How to Declutter Your Mind

When it comes to mental clutter, the underlying message really isn’t that much different from other forms of tiding up like cleaning your room or doing the dishes. Simplifying your environment allows your mind to focus better on what is right in front of you, and not on the distractions in your peripheral vision.

1. Visual Clutter & Stress

Do you ever feel like a giant mess when you’re IN a giant mess? Research shows that the “visual distraction of clutter increases cognitive overload and can reduce our working memory.” So in case there was any doubt in your mind, clutter can indeed make you feel uneasy, irritable and even more likely to procrastinate. The question then becomes how can you declutter your environment without having to waste all of your Sunday doing house chores?

TIP #1: Develop the habit of putting things back where they belong once you’ve finished using them. Just like you, your belonging also have a home to return to. Don’t leave them stranded! 

TIP #2: Dedicate 5 minutes or less every day to cleaning a small area in your home. Brushed your teeth? Wipe the sink clean before leaving the bathroom. The lesson here is taking preventative action, because before you know it – you end up with a laundry pile like mine that puts mount Everest to shame. 

“A man who chases two rabbits catches neither.”

(Chinese Proverb)

2. The Myth of Multitasking

Multitasking is a myth. Your brain cannot do multiple things at once; it engages in task switching. And flicking that light switch on and off every time you change activities takes a toll on your mind. The article “The True Cost of Multitasking” found on Psychology Today states that multitasking can actually decrease productivity by up to 40%. So let’s both hold hands and stop fooling ourselves. Instead of multitasking, let’s make a conscious effort to:

TIP #1: Group similar activities together. For example, allocate 1 hour to focus on answering emails instead of checking them every 5 minutes whiles in the middle of writing a paper. Chunking tasks allows your mind to zone in and perfect the action itself, which is the first step to entering what I like to call the Study Bubble…But more on that later. 

TIP #2: Create themed weeks with those mini weekly goals I keep telling you about so that your energy is not dispersed all over the place. I know that being an overworked hamster is #lifegoals but running in that wheel of yours without a purpose or a finish line is NOT the way to go bro. 

3. Freeing up Your Mental Space

One of the main reasons why so many successful students speak about routines and habits is because they minimize the mental effort required to start tasks (new or old). The more you automate processes in your day to day life, the more you free up your mind to actually do the work that counts. Spending 20 minutes in the morning trying to decide what outfit to wear is mental exercise. Trying to figure out where you left off since your last study session is also cognitively depleting and makes you more likely to procrastinate when you finally know what you have to do. Bottom line, thinking about trivial things or prepping before a challenging task clutters your mind just as much as a messy desk.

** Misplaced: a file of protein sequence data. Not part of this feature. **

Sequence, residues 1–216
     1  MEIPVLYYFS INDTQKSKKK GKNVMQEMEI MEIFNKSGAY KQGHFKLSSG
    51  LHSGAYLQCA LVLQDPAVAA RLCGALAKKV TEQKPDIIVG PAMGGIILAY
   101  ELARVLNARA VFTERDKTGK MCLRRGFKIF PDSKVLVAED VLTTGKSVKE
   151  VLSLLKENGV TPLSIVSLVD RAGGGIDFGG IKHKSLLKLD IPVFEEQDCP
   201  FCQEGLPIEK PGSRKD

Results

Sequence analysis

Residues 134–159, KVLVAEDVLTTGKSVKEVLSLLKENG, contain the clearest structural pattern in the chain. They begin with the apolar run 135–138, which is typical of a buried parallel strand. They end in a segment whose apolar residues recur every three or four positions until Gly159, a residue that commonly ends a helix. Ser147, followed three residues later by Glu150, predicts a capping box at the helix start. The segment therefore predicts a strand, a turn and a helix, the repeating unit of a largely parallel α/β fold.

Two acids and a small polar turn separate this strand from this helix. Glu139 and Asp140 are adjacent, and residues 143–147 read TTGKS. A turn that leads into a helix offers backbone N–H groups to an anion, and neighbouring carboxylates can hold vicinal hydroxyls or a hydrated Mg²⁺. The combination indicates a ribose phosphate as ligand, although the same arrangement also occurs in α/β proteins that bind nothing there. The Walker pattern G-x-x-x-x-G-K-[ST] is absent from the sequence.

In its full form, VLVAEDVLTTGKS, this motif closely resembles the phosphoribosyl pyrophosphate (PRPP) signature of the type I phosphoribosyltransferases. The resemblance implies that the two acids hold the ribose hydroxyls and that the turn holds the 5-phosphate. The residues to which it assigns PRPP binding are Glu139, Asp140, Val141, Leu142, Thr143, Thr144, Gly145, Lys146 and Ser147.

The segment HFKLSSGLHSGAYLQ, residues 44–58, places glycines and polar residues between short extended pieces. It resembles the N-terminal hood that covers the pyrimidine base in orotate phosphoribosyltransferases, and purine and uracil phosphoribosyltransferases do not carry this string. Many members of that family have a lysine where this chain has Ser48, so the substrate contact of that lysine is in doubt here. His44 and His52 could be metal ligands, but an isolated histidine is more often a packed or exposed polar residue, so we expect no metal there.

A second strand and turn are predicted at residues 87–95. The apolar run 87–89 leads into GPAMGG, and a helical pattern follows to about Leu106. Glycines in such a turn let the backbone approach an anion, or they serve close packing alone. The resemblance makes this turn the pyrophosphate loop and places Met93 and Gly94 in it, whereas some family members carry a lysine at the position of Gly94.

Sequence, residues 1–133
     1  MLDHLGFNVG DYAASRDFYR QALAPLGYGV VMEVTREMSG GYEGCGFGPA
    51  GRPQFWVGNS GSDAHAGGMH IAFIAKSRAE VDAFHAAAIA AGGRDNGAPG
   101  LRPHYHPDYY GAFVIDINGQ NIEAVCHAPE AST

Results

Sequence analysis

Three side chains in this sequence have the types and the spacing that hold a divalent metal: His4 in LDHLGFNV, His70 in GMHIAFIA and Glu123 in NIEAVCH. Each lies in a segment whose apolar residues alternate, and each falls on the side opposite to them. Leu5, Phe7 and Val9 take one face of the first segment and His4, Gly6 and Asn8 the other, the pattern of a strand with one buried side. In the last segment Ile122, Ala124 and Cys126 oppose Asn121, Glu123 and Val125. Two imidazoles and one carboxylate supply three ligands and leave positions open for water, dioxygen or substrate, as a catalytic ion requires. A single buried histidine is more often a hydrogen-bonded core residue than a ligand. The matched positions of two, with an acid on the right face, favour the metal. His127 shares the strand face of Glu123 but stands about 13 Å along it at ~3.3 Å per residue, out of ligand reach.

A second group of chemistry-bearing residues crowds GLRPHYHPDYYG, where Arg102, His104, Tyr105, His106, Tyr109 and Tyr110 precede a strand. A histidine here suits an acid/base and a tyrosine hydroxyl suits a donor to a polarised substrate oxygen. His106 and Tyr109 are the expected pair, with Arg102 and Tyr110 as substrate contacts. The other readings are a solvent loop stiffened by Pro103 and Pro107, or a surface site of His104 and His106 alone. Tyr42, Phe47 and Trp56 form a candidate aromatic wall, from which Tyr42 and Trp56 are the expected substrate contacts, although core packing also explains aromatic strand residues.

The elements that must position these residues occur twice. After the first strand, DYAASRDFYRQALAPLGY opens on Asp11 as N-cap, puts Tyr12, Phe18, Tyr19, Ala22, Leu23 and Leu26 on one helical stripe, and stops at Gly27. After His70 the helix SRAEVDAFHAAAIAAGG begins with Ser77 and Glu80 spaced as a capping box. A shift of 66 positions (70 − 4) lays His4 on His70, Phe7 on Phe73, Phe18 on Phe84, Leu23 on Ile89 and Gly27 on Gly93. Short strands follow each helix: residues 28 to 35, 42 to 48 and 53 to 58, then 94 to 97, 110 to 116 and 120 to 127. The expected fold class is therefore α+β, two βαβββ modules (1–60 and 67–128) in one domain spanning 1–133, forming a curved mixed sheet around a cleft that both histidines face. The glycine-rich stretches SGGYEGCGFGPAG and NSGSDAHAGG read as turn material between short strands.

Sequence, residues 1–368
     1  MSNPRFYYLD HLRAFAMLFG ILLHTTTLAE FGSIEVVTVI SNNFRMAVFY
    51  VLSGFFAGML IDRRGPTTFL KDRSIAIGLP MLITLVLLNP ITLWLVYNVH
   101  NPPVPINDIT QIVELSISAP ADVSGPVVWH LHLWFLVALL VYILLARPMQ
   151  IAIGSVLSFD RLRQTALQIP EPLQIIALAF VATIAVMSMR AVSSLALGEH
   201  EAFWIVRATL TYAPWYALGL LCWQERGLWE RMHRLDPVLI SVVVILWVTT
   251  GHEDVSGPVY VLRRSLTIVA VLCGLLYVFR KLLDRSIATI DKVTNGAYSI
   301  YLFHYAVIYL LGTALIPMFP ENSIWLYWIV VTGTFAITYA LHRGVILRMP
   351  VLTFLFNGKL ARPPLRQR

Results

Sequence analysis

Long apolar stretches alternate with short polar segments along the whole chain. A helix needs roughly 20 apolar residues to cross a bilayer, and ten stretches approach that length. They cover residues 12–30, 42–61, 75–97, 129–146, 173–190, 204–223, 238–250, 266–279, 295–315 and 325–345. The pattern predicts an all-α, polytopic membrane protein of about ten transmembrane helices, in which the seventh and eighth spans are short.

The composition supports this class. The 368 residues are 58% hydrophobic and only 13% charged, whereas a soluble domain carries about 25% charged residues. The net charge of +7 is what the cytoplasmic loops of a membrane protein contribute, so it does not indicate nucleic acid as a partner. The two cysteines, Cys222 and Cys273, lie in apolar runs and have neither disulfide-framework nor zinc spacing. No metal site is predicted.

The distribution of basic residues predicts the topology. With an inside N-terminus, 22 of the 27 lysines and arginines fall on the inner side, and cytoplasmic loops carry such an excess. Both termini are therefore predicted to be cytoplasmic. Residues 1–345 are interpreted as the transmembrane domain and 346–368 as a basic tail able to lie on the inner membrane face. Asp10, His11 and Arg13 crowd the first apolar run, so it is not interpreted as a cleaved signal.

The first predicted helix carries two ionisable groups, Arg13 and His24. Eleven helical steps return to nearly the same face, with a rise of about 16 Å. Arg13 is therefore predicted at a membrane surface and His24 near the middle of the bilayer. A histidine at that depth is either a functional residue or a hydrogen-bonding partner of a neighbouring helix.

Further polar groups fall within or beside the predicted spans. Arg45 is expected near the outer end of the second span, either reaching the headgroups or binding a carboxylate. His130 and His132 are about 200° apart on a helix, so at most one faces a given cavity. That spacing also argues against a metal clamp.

4. The Dark Side of Social Comparison 

It has been proven time and time again that constant social comparison can lead to excessive worry, feeling chronically insecure, anxious and can even increase the chance of having depressive symptoms. All of these act as, you’ve guessed it, mental clutter – obstructing your thoughts and draining your willpower with rumination, doubt and negative self-talk. A little trick that has helped me deal with my inner critic is replacing a few words like so:

When you catch yourself thinking: “Why can’t I be that motivated?”

Replace it with: “How can I be that motivated?”

5. The Power of Limiting Choice

In the book The Paradox of Choice, the author Barry Schwartz states that having too many choices contributes to bad decisions, anxiety, stress, dissatisfaction, mental paralysis (so overthinking) and depression. When it comes to evaluating your options, try limiting them by focusing on 3 or 5 at a time. Not only can you then dig deeper into each option but you also don’t overwhelm your mind with surface-level information on 30 possible solutions.